How to Make and Freeze Homemade Tomato Sauce

By Lindsey Johnson | Last Updated: September 6, 2015

Freezer Spaghetti Sauce

Homemade Freezer Spaghetti Sauce

At the end of every summer, my grandmothers would preserve bushel after bushel of peaches, pears, tomatoes, jam, plums, etc, etc. I learned how to can from the best! And while I still enjoy canning when I have the time and desire (which isn’t this year, sadly), I really love using my freezer to preserve food.

It’s so easy to make and freeze fresh, homemade tomato sauce. If your garden is brimming with juicy, ripe tomatoes—or if your local farm stand is—this is a great way to preserve a bit of summer all winter long. Plus, I think it tastes better than opening up a can or jar.

How To Make Freezer Tomato Sauce

Let’s get started!

The type of tomato you choose doesn’t matter all that much. Just be sure to use ripe tomatoes that are brimming with flavor. Those woody, mealy, pinkish grocery store tomatoes won’t cut it here. I use whatever is least expensive and looks the tastiest. You can even use a variety. For this particular sauce, I’ve used beefsteak tomatoes.

Ten pounds of tomatoes looks and sounds like a lot, but they will cook down. This amount should make about 8 pints. The recipe can be easily be doubled or tripled. I do this process several times, working in batches, because I don’t like to overload my small kitchen all at once.

To help flavor the sauce, I add lots of diced onions, garlic and herbs. Fresh herbs are great, but dried will work, too. You can also add shredded or diced garden veggies like squash, carrots, celery, bell peppers, eggplant—whatever you like. I add a few small cans of tomato paste as well. This is optional, but it helps the sauce to thicken a bit more as it cooks and adds another layer of tomato flavor. But again, totally optional.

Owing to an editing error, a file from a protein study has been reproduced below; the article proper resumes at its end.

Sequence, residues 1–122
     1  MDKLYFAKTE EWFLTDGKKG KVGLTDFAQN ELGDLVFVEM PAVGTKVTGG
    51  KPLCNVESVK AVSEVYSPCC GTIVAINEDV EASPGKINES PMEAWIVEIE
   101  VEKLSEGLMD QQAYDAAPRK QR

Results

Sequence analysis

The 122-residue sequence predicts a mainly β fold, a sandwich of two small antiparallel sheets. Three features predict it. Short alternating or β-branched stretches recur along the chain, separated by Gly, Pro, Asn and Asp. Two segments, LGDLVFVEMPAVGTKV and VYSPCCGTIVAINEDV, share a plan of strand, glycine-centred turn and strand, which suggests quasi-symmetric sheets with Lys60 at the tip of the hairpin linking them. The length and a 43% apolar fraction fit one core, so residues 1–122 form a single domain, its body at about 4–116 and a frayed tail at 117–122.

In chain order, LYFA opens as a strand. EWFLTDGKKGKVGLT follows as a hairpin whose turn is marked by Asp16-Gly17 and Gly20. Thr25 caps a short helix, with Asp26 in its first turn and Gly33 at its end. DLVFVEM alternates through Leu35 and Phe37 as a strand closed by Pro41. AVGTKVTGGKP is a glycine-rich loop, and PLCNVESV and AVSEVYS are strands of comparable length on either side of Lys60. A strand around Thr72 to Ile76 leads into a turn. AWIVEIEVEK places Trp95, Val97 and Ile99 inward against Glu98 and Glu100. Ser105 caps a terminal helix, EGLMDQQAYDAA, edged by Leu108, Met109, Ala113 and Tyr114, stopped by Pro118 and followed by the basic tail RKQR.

Freezer Tomato Sauce - peeling tomatoes-2The easiest way to peel the tomatoes is to drop them into a pot of boiling water for about 30 seconds. The skins will slip right off. Let them cool a little bit to prevent burning your hands.

Freezer Tomato Sauce - peeling tomatoes-3Next you can chop the tomatoes by hand, use a food processor or blender, squish them with your hands, or use a combination. (I don’t need to tell you which one is more fun to do!) I like a combination of pureed and diced tomatoes, so that’s what I do.

Freezer Tomato Sauce - diced tomatoesAfter that, it’s just like making any tomato pasta sauce: heat the olive oil, add the onions and garlic, saute until they start to soften, stir in the tomato paste (if you’re using it), then add the chopped tomatoes. If you’re using fresh herbs, you’ll add those at the end, but dried herbs can be added at this point.

Freezer Tomato Sauce - beforeBring the mixture to a simmer and let it cook for 1 1/2 to 2 hours on medium-low heat. (You don’t want the bottom to scorch.) This nice slow-and-low cooking will help bring out the flavor and soften the tomatoes. The extra liquid will evaporate as it cooks and the sauce will thicken and darken. It’s magical.

Once it’s cooked down to a consistency you like, add the fresh herbs, if using, and season well with salt and pepper. If needed, add a little sugar or honey to balance out the acidity. Then it needs to cool down to room temperature before freezing.

Freezer Spaghetti Sauce
BPA-free plastic containers, resealable plastic freezer bags, or freezer-proof glass jars work great for freezing the sauce. Using plastic bags is a snap when it comes to thawing; they also stack nicely. Jars and plastic containers offer a little more protection against freezer burn, so they are better for longer-term freezing.

And that’s it!

This post was originally published on September 9, 2014.

Go to How to Make & Freeze Homemade Tomato Sauce recipe

How to Make & Freeze Homemade Tomato Sauce

Prep Time:

30 minutes

Cook Time:

30 minutes

Total Time:

30 minutes

Yield:

About 6 pints

ingredients:

  • 10-11 pounds fresh tomatoes
  • 6 tablespoons olive oil
  • 3 medium onions, diced
  • 6 garlic cloves, minced
  • 2 (4-ounce) cans tomato paste
  • 1-3 teaspoons sugar or honey, to taste (optional)
  • 1/2 cup chopped fresh herbs or 2 tablespoons dried Italian herbs
  • 1 tablespoon salt, plus more to taste
  • 1/2 teaspoon freshly ground black pepper, plus more to taste
Print recipe

instructions:

    Prepare the tomatoes:

  1. Have a large bowl filled with cold water ready and waiting. Set a large pot of water over high heat and bring to a rolling boil. Working in batches, drop the tomatoes in one at a time, then let sit in the boiling water until the skins split open, 30-60 seconds. One at a time, remove tomatoes from hot water with a slotted spoon and transfer to the bowl of cold water. When cool enough to touch, slip off and discard the tomato skins and remove the hard stem end and core. Trim away any bad spots. Roughly chop the tomato using a food processor or blender, a knife, or by squishing with clean hands. Set aside.